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XIII.--THE DEATH OF NAPOLEON.
ILD was the night ! yet a wilder night
Hung round the Soldier's pillow;
In his bosom there raged a fiercer fight,
Than the fight on the wrathful billow.
A few fond mourners were kneeling by-
The few that his stern heart cherish'd ;
They knew, by his glared and unearthly eye,
That life had nearly perish’d.
They knew, by his awful and kingly look,
By the order hastily spoken,
That he dream'd of days when the nations shook,
And the nations' hosts were broken !
He dream'd that the Frenchman's sword still slew -
Still triumph'd the Frenchman's " eagle ;"
That the struggling Austrian Aed anew,
Like the hare before the beagle.
The bearded Russian he scourged again-
The Prussian camp was routed-
And again, on the hills of haughty Spain,
His mighty armies shouted ;-
Over Egypt's sands—over Alpine snows-
At the Pyramids—at the mountain--
Where the wave of the lordly Danube flows-
And by the Italian fountain.
On the snowy cliffs where mountain-streams
Dash by the Switzer's dwelling,
He led again, in his dying dreams,
His hosts, the broad earth quelling.
Again Marengo's field was won,
And Jena's bloody battle ;
Again the world was over-run,
Made pale at his cannon's rattle.
He died at the close of that darksome day-
A day that shall live in story:
In the rocky land they placed his clay,
· And left him alone with his glory.”
XIV.-BINGEN ON THE RHINE.
SOLDIER of the Legion lay dying in Algiers ;
There was lack of woman's nursing ; there was dearth of woman's tears; But a comrade stood beside him, while his life-blood ebbed away, And bent, with pitying glances, to hear what he might say. The dying soldier faltered as he took the comrade's hand, And he said : I never more shall see my own, my native land ; Take a message and a token to some distant friends of mine, For I was born at Bingen-at Bingen on the Rhine.
Tell my brothers and companions, when they meet and crowd around
To hear my mournful story, in the pleasant vineyard ground:
That we fought the battle bravely, and, when the day was done,
Full many a corpse lay, ghastly pale, beneath the setting sun ;
And midst the dead and dying were some grown old in wars,
The death wound on their gallant breasts, the last of many scars,
But some were young, and suddenly beheld life's morn decline,
And one had come from Bingen, fair Bingen on the Rhine!.
Tell my mother that her other sons shall comfort her old age ;
And I was, aye, a truant bird, that thought his home a cage ;-
my father was a soldier, and even as a child
My heart leaped forth to hear him tell of struggles fierce and wild ;
And when he died, and left us to divide his scanty hoard,
I let them take whate'er they would, but kept my father's sword;
And, with boyish love, I hung it where the bright light used to shine
On the cattage wall at Bingen, calm Bingen on the Rhine !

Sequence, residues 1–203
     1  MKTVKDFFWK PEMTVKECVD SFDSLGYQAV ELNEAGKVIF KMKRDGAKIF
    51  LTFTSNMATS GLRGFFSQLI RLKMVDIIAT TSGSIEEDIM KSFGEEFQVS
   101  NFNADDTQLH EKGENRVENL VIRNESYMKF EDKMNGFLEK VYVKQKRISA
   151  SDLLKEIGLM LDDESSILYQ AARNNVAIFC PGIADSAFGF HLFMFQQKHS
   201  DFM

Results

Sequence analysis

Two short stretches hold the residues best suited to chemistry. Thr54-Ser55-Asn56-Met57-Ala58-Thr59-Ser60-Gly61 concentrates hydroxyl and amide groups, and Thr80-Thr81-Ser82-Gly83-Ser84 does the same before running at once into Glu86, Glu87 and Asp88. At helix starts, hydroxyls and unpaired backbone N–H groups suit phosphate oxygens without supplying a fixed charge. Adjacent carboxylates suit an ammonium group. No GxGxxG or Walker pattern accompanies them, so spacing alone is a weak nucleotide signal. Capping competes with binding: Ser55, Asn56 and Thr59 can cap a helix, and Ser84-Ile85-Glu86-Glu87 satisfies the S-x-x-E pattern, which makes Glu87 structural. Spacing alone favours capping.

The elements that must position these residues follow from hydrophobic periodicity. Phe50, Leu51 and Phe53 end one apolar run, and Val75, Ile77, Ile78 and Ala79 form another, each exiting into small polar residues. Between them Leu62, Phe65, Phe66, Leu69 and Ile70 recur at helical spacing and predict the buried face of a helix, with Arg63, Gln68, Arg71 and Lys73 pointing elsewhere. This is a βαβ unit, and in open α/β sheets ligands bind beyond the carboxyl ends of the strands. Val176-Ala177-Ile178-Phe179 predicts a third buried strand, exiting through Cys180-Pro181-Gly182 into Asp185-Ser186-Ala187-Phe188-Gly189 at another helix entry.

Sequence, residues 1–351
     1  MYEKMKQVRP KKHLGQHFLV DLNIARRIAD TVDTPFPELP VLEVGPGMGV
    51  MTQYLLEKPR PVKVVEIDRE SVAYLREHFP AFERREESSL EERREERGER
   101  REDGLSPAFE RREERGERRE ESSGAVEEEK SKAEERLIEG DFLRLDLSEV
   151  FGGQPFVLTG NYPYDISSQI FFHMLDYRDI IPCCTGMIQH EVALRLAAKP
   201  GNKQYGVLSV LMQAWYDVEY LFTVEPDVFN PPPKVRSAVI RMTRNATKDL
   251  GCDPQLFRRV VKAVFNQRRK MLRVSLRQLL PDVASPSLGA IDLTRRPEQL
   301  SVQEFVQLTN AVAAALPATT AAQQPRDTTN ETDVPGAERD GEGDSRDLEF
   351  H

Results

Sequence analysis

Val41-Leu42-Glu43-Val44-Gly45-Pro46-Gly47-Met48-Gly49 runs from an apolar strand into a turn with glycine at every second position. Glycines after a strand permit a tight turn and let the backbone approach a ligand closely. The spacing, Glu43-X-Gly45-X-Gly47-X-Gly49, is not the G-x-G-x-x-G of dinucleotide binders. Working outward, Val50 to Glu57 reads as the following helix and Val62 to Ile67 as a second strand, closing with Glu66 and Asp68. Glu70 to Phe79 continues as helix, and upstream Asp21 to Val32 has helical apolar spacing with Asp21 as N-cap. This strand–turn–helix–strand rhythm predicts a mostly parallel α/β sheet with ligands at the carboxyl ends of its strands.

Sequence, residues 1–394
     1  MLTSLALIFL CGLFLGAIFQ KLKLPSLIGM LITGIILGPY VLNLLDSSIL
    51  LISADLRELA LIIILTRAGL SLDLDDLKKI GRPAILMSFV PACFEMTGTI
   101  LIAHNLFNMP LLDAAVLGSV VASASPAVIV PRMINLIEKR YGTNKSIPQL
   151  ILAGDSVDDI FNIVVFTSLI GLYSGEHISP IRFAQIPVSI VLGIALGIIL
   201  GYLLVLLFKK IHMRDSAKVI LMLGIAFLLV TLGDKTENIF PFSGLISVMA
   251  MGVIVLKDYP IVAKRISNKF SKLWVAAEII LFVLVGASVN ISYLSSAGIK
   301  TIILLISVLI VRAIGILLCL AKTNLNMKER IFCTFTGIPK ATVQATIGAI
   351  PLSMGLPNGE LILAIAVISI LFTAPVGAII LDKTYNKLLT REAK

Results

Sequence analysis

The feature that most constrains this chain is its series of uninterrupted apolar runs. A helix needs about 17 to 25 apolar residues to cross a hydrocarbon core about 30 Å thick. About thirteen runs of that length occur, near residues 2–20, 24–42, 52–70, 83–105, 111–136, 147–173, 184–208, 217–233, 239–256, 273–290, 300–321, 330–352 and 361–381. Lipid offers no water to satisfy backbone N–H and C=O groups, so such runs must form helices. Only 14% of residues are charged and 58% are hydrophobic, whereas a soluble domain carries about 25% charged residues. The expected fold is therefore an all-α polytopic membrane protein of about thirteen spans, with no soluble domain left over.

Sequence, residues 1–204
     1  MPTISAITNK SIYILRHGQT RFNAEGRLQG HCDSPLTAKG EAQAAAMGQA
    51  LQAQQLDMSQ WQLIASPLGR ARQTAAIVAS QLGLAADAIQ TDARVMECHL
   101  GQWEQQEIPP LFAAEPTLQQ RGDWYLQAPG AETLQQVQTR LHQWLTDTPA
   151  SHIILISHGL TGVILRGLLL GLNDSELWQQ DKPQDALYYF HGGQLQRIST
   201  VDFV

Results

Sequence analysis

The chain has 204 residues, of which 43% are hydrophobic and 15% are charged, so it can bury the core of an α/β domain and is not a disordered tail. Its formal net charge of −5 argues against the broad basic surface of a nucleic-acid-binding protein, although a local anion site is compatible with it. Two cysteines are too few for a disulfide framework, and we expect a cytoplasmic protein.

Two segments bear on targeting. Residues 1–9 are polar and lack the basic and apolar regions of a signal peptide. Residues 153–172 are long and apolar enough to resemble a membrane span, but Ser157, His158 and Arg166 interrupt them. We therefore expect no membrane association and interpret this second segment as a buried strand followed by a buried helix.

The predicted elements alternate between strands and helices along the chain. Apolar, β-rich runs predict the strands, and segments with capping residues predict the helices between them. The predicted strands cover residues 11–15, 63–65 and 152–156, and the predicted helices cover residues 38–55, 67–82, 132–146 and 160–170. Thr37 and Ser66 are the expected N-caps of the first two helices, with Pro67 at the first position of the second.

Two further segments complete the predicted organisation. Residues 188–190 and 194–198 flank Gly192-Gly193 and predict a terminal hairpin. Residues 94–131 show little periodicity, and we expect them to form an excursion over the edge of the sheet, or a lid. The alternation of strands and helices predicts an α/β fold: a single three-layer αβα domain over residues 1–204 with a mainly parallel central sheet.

Tell my sister not to weep for me, and sob with drooping head-
When the troops are marching home again, with glad and gallant tread,
But to look upon them proudly, with a calm and steadfast eye,
For her brother was a soldier, too, and not afraid to die.
And if a comrade seek her love, I ask her, in my name,
To listen to him kindly, without regret or shame,
And to hang the old sword on its place (my father's sword and mine),
For the honor of old Bingen, dear Bingen on the Rhine !
There's another--not a sister-in the happy days gone by
You'd have known her by the merriment that sparkled in her eye ;
Too innocent for coquetry, too fond for idle scorning-
Oh! friend, I fear the lightest heart makes sometimes heaviest mourning!
Tell her the last night of my life (for ere this moon be risen
My body will be out of pain, my soul be out of prison),
I dreamed I stood with her, and saw the yellow sunlight shine
On the vine-clad hills of Bingen, fair Bingen on the Rhine !
I saw the blue Rhine sweep along; I heard, or seemed to hear,
The German songs we used to sing in chorus sweet and clear.
And down the pleasant river, and up the slanting hill,
That echoing chorus sounded through the evening calm and still ;
And her glad blue eyes were on me as we passed, with friendly talk,
Down many a path beloved of yore, and well remembered walk.
And her little hand lay lightly, confidingly in mine-
But we'll meet no more at Bingen, loved Bingen on the Rhine !
His voice grew faint and hoarser; his grasp was childish weak,
His eyes put on a dying look; he sighed, and ceased to speak;
His comrade bent to lift him, but the spark of life had fled-
The soldier of the Legion in a foreign land was dead !
And the soft moon rose up slowly, and calmly she looked down
On the red sand of the battle-field, with bloody corpses strown-
Yes, calmly on that dreadful scene her pale light seemed to shine
And it shone on distant Bingen, fair Bingen on the Rhine!
How the wild crowd goes swaying along,
Hailing each other with humor, and song !
How the gay sledges like meteors flash by-
Bright for a moment, then lost to the eye.
Ringing, swinging, dashing they go,